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When to Select Investment Casting for Components

Selecting the appropriate precision casting and machining company to make components relies on understanding the needs of the application, your budget, and your time to market deadlines. Another important factor depends on the type of production process that will be required. You may select from investment casting, sand casting, CNC precision machining and other processes. When debating whether investment casting is right for your components, take these factors into consideration.

Prototype, Low to High Volume Production

Investment casting involves creating a wax pattern of the component and building a ceramic shell around the wax pattern to make a mold. Then the wax is melted from the mold and molten metal is poured into it to create the part. Investment casting is repeatable as the process is designed to run consistently to make a certain volume of parts. Investment casting is ideal for production runs regardless of volumes. While it could be used to make a prototype, other cost-effective measures may be chosen if you are looking to make only one component for a single time.

Quality Consistency

Since the wax pattern will be the exact replica of the metal component when it is created, investment casting is often used when you need design consistency. This benefit is especially important for parts that can be used in varying applications and industries. The metal component needs to have the same dimensions, geometries and intricacies whether you are making low to high volumes. With investment casting, that dimensional accuracy can be maintained for every casted mold and metal product.

Range of Different Metals

Another advantage to selecting investment casting for the creation of components is that you are not limited by what base metals or metal alloys that can be used. The ceramic molds can handle the melting temperatures and molten characteristics of a wide selection of metals. If the part needs to be made from copper, steel, titanium or a specialty alloy, investment casting processes can typically handle the production process. Both ferrous and nonferrous metals work well with this process.

What to know about 3D Printed Investment Casting Patterns

Investment casting is a cost-effective process for many industries when they are looking for highly accurate metal parts that are made out of a wide range of alloys. The typical process to create a cast part is to use a wax pattern that will be covered in a ceramic slurry to form a shell. Then the shell will be filled with molten metal and cooled to form the part.
Creation of the wax pattern is typically done by using metal dies as the injected wax fills the die. Water-soluble or ceramic cores will be in the die to make the intricate and complex internal parts. However, more industries are looking at 3D printed investment casting for wax patterns as a more cost -effective approach.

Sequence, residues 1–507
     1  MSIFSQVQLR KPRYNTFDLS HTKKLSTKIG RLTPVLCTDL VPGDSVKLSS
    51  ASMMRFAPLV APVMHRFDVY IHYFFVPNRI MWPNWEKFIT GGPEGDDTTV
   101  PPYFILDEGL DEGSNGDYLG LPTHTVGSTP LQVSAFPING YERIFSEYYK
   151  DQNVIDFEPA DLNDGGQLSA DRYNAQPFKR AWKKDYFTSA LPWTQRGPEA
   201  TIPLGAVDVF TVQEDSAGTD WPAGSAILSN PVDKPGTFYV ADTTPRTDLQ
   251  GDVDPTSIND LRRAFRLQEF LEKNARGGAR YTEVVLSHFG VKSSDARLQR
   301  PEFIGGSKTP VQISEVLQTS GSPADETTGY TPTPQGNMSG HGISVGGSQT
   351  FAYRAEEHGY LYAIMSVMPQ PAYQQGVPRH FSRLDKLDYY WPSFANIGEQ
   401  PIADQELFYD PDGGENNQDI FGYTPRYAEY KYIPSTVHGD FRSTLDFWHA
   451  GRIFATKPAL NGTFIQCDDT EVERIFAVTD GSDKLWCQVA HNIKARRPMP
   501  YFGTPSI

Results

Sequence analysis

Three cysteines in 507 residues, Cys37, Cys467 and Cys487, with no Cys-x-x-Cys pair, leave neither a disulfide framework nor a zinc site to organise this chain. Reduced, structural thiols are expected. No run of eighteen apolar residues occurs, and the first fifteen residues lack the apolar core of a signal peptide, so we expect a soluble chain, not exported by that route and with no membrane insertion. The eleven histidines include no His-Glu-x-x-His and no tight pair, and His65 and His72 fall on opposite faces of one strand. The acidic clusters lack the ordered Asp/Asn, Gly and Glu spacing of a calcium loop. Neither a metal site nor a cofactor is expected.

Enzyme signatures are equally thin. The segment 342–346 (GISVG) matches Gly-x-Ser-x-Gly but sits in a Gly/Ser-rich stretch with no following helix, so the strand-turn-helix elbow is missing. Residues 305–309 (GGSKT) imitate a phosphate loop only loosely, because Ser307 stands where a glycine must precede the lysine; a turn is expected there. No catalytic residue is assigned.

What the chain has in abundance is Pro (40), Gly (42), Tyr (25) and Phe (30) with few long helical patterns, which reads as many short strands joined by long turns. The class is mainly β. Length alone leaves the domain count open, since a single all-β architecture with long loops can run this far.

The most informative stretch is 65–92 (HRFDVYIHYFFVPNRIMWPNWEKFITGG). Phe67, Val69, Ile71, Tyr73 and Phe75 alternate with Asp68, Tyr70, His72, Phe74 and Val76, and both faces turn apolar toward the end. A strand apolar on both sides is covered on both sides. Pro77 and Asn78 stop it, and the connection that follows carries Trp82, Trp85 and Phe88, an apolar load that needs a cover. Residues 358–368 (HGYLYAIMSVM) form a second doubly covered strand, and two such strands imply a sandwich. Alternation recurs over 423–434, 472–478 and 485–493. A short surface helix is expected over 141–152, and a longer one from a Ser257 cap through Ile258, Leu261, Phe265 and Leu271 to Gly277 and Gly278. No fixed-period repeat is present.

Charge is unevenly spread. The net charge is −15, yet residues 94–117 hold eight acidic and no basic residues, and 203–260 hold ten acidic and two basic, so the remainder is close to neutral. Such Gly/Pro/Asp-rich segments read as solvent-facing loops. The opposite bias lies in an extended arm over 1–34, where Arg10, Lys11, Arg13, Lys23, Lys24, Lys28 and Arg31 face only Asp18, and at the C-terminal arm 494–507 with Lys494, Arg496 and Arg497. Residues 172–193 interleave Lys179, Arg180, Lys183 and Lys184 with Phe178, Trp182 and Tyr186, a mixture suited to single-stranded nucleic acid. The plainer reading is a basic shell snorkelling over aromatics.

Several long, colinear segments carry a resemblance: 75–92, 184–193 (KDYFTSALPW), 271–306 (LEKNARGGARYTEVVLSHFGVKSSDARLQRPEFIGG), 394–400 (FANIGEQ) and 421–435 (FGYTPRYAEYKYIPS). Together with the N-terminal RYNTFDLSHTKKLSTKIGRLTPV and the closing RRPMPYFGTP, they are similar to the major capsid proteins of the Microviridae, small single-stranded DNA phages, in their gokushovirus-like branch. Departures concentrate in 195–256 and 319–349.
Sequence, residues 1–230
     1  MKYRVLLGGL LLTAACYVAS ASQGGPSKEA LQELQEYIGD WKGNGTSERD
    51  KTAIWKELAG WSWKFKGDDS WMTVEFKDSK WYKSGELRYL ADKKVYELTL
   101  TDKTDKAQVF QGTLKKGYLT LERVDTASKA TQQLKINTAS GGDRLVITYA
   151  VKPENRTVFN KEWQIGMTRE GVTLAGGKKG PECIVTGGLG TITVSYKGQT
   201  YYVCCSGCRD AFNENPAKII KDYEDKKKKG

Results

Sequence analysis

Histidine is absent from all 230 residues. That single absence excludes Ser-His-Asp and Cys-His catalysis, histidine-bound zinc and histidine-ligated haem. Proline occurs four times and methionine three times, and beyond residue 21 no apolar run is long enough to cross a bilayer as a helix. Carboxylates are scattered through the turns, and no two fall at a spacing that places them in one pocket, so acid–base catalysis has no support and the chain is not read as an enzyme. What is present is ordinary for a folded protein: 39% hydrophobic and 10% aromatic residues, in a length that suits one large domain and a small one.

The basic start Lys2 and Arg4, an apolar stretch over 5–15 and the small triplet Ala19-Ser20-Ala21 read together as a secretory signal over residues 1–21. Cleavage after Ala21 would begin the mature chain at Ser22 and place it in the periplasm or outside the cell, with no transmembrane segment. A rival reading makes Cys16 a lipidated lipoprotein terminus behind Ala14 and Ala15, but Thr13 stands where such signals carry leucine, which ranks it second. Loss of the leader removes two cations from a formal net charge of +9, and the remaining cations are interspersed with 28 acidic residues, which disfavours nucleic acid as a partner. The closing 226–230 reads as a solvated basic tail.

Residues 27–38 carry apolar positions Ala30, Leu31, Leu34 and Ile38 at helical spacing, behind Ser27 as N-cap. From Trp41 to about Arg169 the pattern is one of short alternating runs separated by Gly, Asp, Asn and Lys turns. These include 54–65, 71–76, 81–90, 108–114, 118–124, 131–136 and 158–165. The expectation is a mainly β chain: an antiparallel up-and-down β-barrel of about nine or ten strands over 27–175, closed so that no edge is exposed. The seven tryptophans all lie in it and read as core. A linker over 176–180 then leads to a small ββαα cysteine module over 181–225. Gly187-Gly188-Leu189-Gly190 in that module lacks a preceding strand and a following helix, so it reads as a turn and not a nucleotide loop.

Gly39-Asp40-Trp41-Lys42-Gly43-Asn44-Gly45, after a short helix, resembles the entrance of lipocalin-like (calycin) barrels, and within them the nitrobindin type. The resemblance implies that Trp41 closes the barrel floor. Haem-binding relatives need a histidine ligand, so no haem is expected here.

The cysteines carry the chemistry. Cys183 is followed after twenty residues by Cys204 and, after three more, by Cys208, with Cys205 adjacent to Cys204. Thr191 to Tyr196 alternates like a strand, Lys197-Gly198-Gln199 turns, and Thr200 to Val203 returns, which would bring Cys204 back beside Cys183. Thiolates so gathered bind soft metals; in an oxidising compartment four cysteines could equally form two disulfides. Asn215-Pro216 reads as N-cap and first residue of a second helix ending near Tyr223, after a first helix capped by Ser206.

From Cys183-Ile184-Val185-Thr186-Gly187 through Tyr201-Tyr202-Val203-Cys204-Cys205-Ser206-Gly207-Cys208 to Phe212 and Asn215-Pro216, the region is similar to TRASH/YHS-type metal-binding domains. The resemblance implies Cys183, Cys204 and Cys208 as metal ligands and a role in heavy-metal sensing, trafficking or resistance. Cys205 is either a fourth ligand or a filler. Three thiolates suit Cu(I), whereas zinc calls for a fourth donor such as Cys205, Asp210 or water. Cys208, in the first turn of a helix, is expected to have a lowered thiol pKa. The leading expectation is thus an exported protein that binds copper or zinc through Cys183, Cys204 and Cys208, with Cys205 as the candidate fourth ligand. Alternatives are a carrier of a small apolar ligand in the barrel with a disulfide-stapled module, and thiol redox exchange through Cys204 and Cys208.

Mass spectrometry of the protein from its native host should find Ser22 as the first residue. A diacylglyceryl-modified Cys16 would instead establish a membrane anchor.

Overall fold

A 3D printer can be used by many industries to create products made from materials such as plastic. However, these machines can 3D print out parts in resin, metal and even food for certain industries. When it comes to investment casting, wax or resin plastic may be chosen depending on the manufacturer and their available equipment.
For 3D printing, a stereolithography (SLA or SL) process is used. Stereolithography is an additive manufacturing technique that takes the material and lays it down layer by layer to create the pattern. Each layer is cured by using either an ultraviolet light or a laser until the entire pattern is made. This process is also called vat polymerization.
When the pattern is complete and covered in the ceramic slurry, the wax will be melted out or the resin will be burned out. Any ash that remains will be removed during the cleaning process.

Benefits of 3D Printed Patterns

One of the major benefits is that 3D printed patterns are an additive production process that only uses a set amount of materials to create the pattern. This factor eliminates waste that is typically created by using subtractive manufacturing methods. Since the materials are added in layers, the patterns can be designed with highly complex geometries and intricate shapes without impacting the overall pattern creation cost.
Another benefit is that 3D printing can be used for patterns that are needed as prototypes. The prototype pattern can easily be placed into the assembly for testing without damaging the application. This process can allow the customer and manufacturer to create the necessary changes at this early stage of the investment casting process before full production begins.

When to Use 3D Printed Patterns for Investment Casting

Investment casting using 3D printed patterns are usually sought after when a customer does not desire or need a second machining of the cast part. The process usually creates parts that are highly precise and intricate with smooth surfaces. It is also ideal when a customer is on a tight time-to-part deadline as they do not have to wait for the manufacturer to create the appropriate tooling for the processes.

Types of Aluminum Used in Investment Casting

One of the most common metals used in investment casting processes is aluminum. Aluminum’s high strength to low weight ratio makes it ideal for industries requiring durable parts that are also lightweight, such as aerospace, medical, and electronics. This metal also has superior corrosion resistance, exceptional electrical and thermal conductivity, a resistance to harsh environments, and a resistance to high temperatures. When aluminum is used for investment casting, the parts have a smooth finish.